Recently the Pew Research Center published a report on the state of American Christianity. This extensive survey found out that
the Christian share of the U.S. population is declining, while the number of U.S. adults who do not identify with any organized religion is growing, according to an extensive new survey by the Pew Research Center. Moreover, these changes are taking place across the religious landscape, affecting all regions of the country and many demographic groups.
The graph below highlights some of the ongoing changes happening to Christianity at large. From 2007 to 2014, the 6.7 percent increase among the unaffiliated group raises questions about the relevance of Christianity in America today.
Whereas the diversity among American Christians continues to increase along ethnic and racial lines, the Pew survey shows that mainline Protestants and Catholics are the two main groups behind the 7.8 percent decline among American Christians.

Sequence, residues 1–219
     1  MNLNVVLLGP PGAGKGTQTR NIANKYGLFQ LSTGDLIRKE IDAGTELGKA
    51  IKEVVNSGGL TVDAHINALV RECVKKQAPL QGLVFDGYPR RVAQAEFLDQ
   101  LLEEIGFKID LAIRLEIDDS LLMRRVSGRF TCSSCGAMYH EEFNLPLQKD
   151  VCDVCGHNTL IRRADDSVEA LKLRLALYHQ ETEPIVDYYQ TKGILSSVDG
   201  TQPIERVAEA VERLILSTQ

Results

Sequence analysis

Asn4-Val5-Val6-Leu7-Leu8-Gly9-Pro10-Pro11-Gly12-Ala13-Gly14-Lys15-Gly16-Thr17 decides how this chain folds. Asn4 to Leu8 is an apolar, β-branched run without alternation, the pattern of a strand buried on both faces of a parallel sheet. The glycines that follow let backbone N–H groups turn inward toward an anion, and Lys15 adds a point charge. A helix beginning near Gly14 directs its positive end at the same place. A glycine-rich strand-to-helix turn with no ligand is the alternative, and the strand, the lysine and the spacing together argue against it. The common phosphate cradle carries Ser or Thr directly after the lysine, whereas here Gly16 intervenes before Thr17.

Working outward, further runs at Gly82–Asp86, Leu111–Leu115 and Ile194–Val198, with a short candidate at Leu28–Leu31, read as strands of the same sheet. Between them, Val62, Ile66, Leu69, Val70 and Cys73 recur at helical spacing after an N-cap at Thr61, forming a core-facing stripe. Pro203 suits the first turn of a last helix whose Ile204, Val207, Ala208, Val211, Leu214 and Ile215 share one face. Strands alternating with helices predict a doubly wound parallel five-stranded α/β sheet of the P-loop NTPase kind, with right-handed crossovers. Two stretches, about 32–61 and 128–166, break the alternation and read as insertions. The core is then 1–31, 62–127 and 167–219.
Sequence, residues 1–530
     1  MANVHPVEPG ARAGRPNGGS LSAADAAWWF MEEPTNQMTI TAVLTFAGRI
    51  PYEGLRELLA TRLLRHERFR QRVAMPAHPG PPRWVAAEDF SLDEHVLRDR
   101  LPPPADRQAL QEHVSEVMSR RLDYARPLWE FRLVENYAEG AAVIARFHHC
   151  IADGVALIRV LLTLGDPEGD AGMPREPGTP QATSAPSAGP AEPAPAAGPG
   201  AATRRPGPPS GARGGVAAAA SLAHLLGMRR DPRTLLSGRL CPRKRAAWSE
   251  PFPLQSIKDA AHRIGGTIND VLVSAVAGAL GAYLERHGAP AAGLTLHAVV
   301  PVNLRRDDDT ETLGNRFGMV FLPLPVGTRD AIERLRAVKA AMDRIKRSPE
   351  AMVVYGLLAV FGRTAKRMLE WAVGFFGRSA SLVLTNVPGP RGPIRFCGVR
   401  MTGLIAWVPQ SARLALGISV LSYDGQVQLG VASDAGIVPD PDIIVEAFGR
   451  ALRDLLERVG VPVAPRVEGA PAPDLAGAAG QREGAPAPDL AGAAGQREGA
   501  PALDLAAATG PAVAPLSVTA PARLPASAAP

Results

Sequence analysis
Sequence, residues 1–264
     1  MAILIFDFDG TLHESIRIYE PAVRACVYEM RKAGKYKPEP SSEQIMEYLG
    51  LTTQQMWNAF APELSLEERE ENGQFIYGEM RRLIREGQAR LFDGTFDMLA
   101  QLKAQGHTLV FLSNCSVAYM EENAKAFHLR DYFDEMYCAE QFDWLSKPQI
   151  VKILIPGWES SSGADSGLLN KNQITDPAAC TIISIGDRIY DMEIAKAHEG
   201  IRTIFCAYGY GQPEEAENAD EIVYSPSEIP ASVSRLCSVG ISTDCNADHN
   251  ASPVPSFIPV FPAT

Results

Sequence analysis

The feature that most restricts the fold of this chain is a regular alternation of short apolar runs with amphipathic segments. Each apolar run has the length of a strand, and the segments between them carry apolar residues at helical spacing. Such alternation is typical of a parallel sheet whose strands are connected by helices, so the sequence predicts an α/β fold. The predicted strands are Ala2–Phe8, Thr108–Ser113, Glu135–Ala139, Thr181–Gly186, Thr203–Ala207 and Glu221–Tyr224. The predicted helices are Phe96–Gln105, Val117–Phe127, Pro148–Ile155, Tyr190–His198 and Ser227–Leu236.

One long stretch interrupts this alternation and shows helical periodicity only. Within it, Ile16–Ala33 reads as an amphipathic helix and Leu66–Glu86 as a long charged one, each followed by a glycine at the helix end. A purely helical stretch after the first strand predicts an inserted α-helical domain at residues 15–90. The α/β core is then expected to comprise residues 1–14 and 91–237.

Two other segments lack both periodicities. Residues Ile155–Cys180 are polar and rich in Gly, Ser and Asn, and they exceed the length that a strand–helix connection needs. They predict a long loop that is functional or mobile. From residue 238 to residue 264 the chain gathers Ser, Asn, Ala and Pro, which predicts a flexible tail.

The Roman Catholic Church is losing more members than any other church. As further reported by Crux, “For every one Catholic convert, more than six Catholics leave the church. Taken a step further, Catholicism loses more members than it gains at a higher rate than any other denomination, with nearly 13 percent of all Americans describing themselves as ‘former Catholics.'”
On the brighter side, the Pew report indicates that evangelical Protestants are faring better than mainline Protestants and the Roman Catholic Church. The survey indicates that “one big reason evangelical Protestants have not declined at the same rate as other major Christian groups is that they are gaining new converts at a greater rate than they are losing people who were raised in the tradition.”
Adventists Lose Half Their Children
Currently the Seventh-day Adventist Church holds between 1 and 2 percent of the U.S. population. Just over half of children raised in an Adventist home are likely to remain Adventist in their adult life.
This raises an important question: Has Adventism (and American Christianity at large) become intellectually challenging or intellectually challenged?